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Peter’s Take: Toward a New Model of Arlington Civic Engagement

Peter RousselotPeter’s Take is a weekly opinion column. The views and opinions expressed in this column are those of the author and do not necessarily reflect the views of ARLnow.com.

On December 8, Jane Rudolph, Director of Arlington County’s Department of Parks and Recreation (DPR), issued a formal apology on behalf of DPR and the County Manager’s Office. At issue were the ways in which Parks staff interacted with residents last year over a proposed additional playground at tiny Nelly Custis Park:

County staff made statements that were inappropriate and inconsiderate. The engagement within the community was not at the level that Arlington County expects to deliver to their residents. We are sorry. …We will strive to ensure that all members of the community are a critical part of the project moving forward.

Discussion

Kudos to Jane Rudolph and Mark Schwartz for their forthright apology.

On the very same day, Gillian Burgess, writing in the Progressive Voice column, observed: “Arlington has the opportunity to be a national leader in developing a modern model of community engagement.” I agree.

What Happened

The County’s apology concerned a proposal to spend nearly $1M of Neighborhood Conservation bond funds to construct a playground at a .8 acre park–the 3rd playground in a little over one block.

The proposal was highly contested for several reasons — less green space, proximity to nearby homes, need and equity. Why, some asked, did Aurora Highlands need a 6th playground when 16 neighborhoods have none?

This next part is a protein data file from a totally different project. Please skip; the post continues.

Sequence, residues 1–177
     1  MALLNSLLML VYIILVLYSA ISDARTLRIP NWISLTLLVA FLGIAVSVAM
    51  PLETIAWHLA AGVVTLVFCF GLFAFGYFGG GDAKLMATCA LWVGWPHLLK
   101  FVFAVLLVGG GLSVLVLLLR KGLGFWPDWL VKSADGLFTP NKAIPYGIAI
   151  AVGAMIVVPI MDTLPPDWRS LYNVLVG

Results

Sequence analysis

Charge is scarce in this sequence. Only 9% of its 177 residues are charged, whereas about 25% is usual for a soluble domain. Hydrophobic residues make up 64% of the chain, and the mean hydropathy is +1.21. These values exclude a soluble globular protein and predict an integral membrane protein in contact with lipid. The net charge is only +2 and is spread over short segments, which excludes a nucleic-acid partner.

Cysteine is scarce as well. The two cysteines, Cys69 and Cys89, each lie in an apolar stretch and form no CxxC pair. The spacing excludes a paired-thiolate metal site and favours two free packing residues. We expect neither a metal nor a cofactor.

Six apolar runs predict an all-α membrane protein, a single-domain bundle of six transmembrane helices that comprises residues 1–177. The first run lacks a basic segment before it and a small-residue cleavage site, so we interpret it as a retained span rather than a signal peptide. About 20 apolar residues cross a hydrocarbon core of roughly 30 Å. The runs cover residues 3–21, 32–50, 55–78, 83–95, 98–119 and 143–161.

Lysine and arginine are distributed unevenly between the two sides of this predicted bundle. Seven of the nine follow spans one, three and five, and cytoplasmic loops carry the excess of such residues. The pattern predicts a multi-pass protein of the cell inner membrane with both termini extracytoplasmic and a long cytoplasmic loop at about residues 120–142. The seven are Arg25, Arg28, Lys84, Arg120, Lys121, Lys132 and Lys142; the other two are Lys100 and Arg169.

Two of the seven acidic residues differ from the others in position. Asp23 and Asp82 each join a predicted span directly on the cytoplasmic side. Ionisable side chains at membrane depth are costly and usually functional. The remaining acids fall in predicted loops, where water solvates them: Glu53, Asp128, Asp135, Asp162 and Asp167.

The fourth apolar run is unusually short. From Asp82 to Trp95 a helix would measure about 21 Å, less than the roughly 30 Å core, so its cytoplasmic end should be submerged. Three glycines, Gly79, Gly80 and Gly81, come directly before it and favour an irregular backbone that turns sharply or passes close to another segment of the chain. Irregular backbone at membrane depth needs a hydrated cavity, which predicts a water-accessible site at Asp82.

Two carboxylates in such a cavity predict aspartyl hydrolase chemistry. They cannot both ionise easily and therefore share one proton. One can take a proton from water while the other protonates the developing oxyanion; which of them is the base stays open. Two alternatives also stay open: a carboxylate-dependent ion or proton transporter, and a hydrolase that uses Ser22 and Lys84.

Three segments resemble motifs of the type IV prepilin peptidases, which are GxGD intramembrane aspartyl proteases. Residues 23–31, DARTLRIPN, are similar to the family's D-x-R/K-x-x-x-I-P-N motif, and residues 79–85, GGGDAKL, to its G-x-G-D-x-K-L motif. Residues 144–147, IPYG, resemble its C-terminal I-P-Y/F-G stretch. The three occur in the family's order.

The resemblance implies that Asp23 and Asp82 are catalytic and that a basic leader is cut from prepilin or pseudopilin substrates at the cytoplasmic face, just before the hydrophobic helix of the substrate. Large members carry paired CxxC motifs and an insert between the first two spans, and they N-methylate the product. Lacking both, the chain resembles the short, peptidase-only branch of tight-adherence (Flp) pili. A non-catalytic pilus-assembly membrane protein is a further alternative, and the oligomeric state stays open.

Adjacent neighbors were not notified. Follow-up meeting notifications didn’t occur. From the beginning, it appeared that Parks staff was giving undue weight to some voices, including daycare and commercial users.

Numerous community members suspected that there was something wrong with the community engagement process. This led to a January 9, 2016 Freedom of Information Act (FOIA) request to the County. Emails and other documents the County produced in response confirmed these suspicions.

The documents produced showed that:

  • County staff failed to follow Arlington’s code of ethics,
  • Committees failed to follow their own process guidelines,
  • Persons with special interests undisclosed in the NCAC approval process worked nearly exclusively with staff, and
  • Numerous efforts were pursued (both publicly and with staff) to exclude, discredit and even falsely campaign against residents including stakeholders, working group members and active civic volunteers.

Lessons Learned

The Nelly Custis Park project illustrates the serious issues that Arlington faces relating to community engagement. Three other examples are the WRAPS process in western Rosslyn, the fencing of a Bluemont Park baseball diamond and the Williamsburg fields lighting proposal.

The serious community engagement issues highlighted by all these recent controversies include:

  • Lack of a needs assessment including demographic information,
  • Prematurely deciding that a proposed project is needed at all,
  • Properly defining the nature of the proposed project and alternatives to it,
  • Providing adequate public notice to close-by residents and all stakeholders,
  • Need for properly designed community surveys,
  • Undue influence exercised by organized special interests, and
  • Lack of fair and neutral stewardship by County staff.

Conclusion

The Community Facilities report analyzed why Arlington needs to do better in this area. The County’s recent hiring of Bryna Helfer as its Assistant County Manager for Communications and Public Engagement is encouraging. But the Nelly Custis controversy indicates how much new thinking, processes and leadership are needed in order for Arlington to develop a new model of civic engagement. The County apology indicates progress.

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